Subscribe options

Select your newsletters:

Please enter your email address:

@

News & Media

Latest ITER Newsline

  • CODAC | The "invisible system" that makes all things possible

    It is easy to spot all the big equipment going into ITER; what is not so visible is the underlying software that makes the equipment come alive. Local control [...]

    Read more

  • Assembly | Zero-gravity in a cramped place

    The volume of the Tokamak pit may be huge, but so are the components that need to be installed. As a result, assembly operators will have very little room to ma [...]

    Read more

  • Image of the week | A closer look at KSTAR

    Over its twelve years of operation, the KSTAR tokamak (for Korea Superconducting Tokamak Advanced Research) has built an extremely valuable database for the fut [...]

    Read more

  • Pre-compression rings | Six of nine completed

    The European Domestic Agency is responsible for the fabrication of nine pre-compression rings (three top, three bottom and three spare). The first five have bee [...]

    Read more

  • Industrial milestone | Japan completes the first D-shaped coil of the ITER Tokamak

    In a ceremony on 30 January, a major industrial achievement was celebrated in Japan—the completion of the first 360-tonne D-shaped toroidal field coil for the I [...]

    Read more

Of Interest

See archived entries

Vacuum vessel component passes pressure equipment tests

Sabina Griffith

Extending out from the openings in the ITER vacuum vessel (or "ports") are components called port stub extensions that will be welded to the vacuum vessel sectors before the assembly of the main vessel in the pit. The first completed port stub extension—for upper port #12—has successfully passed pressure and helium leak tightness tests.

This 20-tonne component will ''fit'' onto upper port #12. Following final machining and testing, it will be shipped to Korea to be welded to vacuum vessel sector 6. (Click to view larger version...)
This 20-tonne component will ''fit'' onto upper port #12. Following final machining and testing, it will be shipped to Korea to be welded to vacuum vessel sector 6.
The tension was tangible as observers assembled at the test stand saw the pressure gauge reach the 3.78 MPa mark.

Would there be any trace of pressurized water escaping the system? The tolerances on the massive double-wall stainless steel structure were tight, the welding a challenge. After half an hour of mandated holding time, with all eyes on the gauge, there was a collective sigh of relief. The full pressure test of ITER's first completed upper port stub extension (#12) had been completed successfully.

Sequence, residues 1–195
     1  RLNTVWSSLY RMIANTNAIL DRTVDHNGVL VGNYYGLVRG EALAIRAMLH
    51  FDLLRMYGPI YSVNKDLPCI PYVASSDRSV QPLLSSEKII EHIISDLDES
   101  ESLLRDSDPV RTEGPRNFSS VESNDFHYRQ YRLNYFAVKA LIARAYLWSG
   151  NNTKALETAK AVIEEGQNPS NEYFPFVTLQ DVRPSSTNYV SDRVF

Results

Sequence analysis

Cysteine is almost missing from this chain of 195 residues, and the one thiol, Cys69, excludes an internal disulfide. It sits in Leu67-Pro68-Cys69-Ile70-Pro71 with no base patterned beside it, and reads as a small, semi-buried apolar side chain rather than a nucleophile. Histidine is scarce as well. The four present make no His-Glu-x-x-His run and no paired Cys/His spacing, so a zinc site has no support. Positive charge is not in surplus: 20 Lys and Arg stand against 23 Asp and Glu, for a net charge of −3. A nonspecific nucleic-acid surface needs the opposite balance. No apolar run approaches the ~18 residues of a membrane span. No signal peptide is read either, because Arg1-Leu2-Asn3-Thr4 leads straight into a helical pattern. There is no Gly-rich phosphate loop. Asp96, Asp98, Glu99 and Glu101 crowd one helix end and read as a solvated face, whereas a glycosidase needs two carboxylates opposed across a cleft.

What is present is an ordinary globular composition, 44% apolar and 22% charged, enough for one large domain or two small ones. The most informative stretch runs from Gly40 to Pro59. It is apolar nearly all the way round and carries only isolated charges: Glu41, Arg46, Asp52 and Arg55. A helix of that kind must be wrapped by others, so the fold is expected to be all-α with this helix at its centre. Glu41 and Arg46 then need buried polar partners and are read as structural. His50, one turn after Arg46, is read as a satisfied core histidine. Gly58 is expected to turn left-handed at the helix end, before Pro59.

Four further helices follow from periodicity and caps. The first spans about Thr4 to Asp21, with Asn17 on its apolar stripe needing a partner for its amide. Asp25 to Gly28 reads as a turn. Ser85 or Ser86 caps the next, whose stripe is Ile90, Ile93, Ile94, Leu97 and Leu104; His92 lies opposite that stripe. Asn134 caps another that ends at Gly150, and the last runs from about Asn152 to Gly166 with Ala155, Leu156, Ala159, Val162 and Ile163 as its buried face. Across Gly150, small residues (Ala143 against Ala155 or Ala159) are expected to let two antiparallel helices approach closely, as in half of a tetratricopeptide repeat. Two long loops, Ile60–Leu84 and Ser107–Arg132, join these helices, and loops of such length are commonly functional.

The upper port stub extension is made of single and double-wall sections. Not pictured is the port extension that will be welded to the port stub in the the Tokamak Pit and that will connect to the cryostat through cryostat ducts. (Click to view larger version...)
The upper port stub extension is made of single and double-wall sections. Not pictured is the port extension that will be welded to the port stub in the the Tokamak Pit and that will connect to the cryostat through cryostat ducts.
The ITER vacuum vessel has 44 openings, or ports, on three levels (lower, equatorial and upper) that are used for equipment installation, utility feedthrough, vacuum pumping, and access into the vessel for maintenance. The upper ports are characterized by a trapezoidal/rectangular cross-section due to a slight upward slant. This has to be taken into account in the design of their port structures, including port stub extensions and port extensions. Each port stub extension includes double-wall and single-wall parts (see diagram).

In respect of French regulations on pressure equipment (ESPN), which apply to the ITER vacuum vessel, a full pressure test followed by a helium leak test to confirm the high vacuum tightness of the component were performed in the presence of an Agreed Notified Body* (ANB) before the final machining of upper port stub extension #12.

The tests were carried out at MAN Diesel and Turbo in Deggendorf, Germany, subcontractor to the Efremov Institute in Russia. Russia is responsible for the supply of 100% of the upper ports. (Click to view larger version...)
The tests were carried out at MAN Diesel and Turbo in Deggendorf, Germany, subcontractor to the Efremov Institute in Russia. Russia is responsible for the supply of 100% of the upper ports.
The tests were performed at the end of last year on the premises of the German company MAN Diesel and Turbo in Deggendorf (the main sub-supplier for the port stub extensions) as part of Russia's procurement of the upper ports. The main supplier for this procurement is the Efremov Institute in Saint Petersburg.

The test campaign will be followed by some final machining and the integration of the single wall part before the comprehensive final testing of the complete assembly. When completed, the 20-tonne stub extension will be shipped to Hyundai Heavy Industries in South Korea where it will be mounted on vacuum vessel sector 6. It is expected to arrive by June of this year. 

*An Agreed Notified Body (ANB) is a private company authorized by the French Nuclear Regulator ASN to assess the conformity of components in the pressure equipment category (ESPN).


return to the latest published articles